He also admitted that the algorithm isn’t perfect.
“One downside of having automated software screen more than 39 million reviews is that some perfectly legitimate reviews are inevitably caught in the filter. This is the price we have to pay given the reality of efforts to mislead consumers.”
Given the ongoing stories from business owners, Yelp is struggling to shake off this perception.
SEE ALSO: AWESOME PLACES TO WORK: These Startups Have Better Perks Than Free Food Or Beers On Tap
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Earlier this week, Graphics Interchange Format (also known as GIF) creator Steve Wilhite gave the final word on the proper pronunciation of the word.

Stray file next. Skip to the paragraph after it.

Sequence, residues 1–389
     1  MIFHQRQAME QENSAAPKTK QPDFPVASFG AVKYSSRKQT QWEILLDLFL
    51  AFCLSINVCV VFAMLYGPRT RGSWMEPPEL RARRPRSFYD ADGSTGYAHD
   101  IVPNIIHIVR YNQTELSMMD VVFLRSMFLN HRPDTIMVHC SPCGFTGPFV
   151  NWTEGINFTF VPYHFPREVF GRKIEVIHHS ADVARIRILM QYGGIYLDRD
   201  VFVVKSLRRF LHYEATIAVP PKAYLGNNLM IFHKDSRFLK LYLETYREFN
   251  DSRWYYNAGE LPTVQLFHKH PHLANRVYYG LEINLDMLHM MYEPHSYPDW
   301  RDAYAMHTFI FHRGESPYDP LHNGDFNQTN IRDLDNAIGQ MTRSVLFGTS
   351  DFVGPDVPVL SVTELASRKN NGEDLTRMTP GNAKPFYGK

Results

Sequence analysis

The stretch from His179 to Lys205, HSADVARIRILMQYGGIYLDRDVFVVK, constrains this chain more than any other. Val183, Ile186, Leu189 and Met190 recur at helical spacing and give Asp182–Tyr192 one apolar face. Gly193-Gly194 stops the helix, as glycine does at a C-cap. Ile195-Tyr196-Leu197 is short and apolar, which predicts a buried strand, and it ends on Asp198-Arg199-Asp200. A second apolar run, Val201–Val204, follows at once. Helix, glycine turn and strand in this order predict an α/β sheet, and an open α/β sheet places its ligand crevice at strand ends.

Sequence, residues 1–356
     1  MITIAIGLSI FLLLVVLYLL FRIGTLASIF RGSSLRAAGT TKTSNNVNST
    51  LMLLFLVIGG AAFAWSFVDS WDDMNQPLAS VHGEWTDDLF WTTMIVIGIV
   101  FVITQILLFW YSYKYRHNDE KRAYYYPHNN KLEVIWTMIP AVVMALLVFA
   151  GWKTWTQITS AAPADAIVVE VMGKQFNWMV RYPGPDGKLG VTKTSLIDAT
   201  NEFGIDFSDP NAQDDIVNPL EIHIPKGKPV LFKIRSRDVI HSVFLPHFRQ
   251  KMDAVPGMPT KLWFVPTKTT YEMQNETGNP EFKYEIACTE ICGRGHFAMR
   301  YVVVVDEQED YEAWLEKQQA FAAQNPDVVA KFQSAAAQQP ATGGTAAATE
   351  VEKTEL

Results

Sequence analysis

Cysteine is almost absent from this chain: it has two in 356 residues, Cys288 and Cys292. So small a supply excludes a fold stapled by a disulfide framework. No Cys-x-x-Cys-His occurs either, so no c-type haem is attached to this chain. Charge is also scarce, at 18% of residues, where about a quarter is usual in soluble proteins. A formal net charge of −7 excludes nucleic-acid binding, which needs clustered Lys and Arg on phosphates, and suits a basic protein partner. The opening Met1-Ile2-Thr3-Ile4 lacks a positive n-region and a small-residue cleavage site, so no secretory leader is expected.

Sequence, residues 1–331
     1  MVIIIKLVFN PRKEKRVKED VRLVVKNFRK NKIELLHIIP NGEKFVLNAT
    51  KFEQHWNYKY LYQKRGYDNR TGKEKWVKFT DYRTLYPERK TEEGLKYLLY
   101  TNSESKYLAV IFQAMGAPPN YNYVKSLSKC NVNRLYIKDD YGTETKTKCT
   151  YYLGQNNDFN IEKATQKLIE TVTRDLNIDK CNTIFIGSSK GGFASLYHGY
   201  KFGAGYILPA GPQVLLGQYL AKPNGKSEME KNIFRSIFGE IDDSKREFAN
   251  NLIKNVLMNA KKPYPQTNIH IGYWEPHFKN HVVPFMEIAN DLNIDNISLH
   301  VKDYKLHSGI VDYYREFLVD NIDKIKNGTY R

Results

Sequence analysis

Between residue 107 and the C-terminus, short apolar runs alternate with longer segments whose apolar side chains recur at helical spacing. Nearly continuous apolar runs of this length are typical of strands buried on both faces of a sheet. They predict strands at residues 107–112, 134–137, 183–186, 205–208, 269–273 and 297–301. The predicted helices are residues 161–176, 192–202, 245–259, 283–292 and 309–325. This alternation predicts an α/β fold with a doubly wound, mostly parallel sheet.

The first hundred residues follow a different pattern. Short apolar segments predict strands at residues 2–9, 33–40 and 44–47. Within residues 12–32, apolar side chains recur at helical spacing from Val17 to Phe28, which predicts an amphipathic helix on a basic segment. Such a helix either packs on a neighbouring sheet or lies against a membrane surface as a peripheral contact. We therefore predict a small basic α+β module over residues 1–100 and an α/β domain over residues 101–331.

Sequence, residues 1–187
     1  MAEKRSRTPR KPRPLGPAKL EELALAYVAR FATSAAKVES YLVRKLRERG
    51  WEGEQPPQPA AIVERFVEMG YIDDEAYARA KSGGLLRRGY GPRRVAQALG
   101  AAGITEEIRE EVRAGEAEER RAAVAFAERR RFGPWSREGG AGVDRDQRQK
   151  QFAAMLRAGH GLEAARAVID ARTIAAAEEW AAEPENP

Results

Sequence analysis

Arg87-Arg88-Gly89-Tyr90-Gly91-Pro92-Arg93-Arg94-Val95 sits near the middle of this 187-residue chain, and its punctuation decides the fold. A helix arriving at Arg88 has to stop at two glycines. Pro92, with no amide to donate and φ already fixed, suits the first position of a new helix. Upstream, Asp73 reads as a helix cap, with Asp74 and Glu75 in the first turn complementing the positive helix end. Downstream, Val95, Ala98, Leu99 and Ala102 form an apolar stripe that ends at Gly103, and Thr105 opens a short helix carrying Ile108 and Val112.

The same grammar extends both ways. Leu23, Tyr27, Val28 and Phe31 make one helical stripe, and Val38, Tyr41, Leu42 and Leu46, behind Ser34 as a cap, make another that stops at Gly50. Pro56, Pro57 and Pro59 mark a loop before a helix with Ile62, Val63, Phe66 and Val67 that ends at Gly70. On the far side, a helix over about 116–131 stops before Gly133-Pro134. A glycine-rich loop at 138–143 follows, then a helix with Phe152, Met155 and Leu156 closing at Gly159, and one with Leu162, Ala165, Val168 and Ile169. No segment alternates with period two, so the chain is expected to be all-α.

“The Oxford English Dictionary accepts both pronunciations,” Wilhite told The New York Times. “They are wrong. It is a soft ‘G,’ pronounced ‘jif.’ End of story.”
Like any social media savvy brand, Jif peanut butter tried to jump into the conversation with a relevant tweet:
Which of course linked to a GIF:
This is just like that time Red Vines immediately posted a six-second video following the launch of Vine.
While it is a clever brand opportunity, not everyone loved the tweet. Ad agency R/GA tweeted its dismay:
It’s not difficult to understand the lure of social media advertising.
Social networks like Facebook and Twitter are daily destinations for millions of consumers. Increasingly, their ad products offer targeting according to specific demographics, social connections, interests, and habits.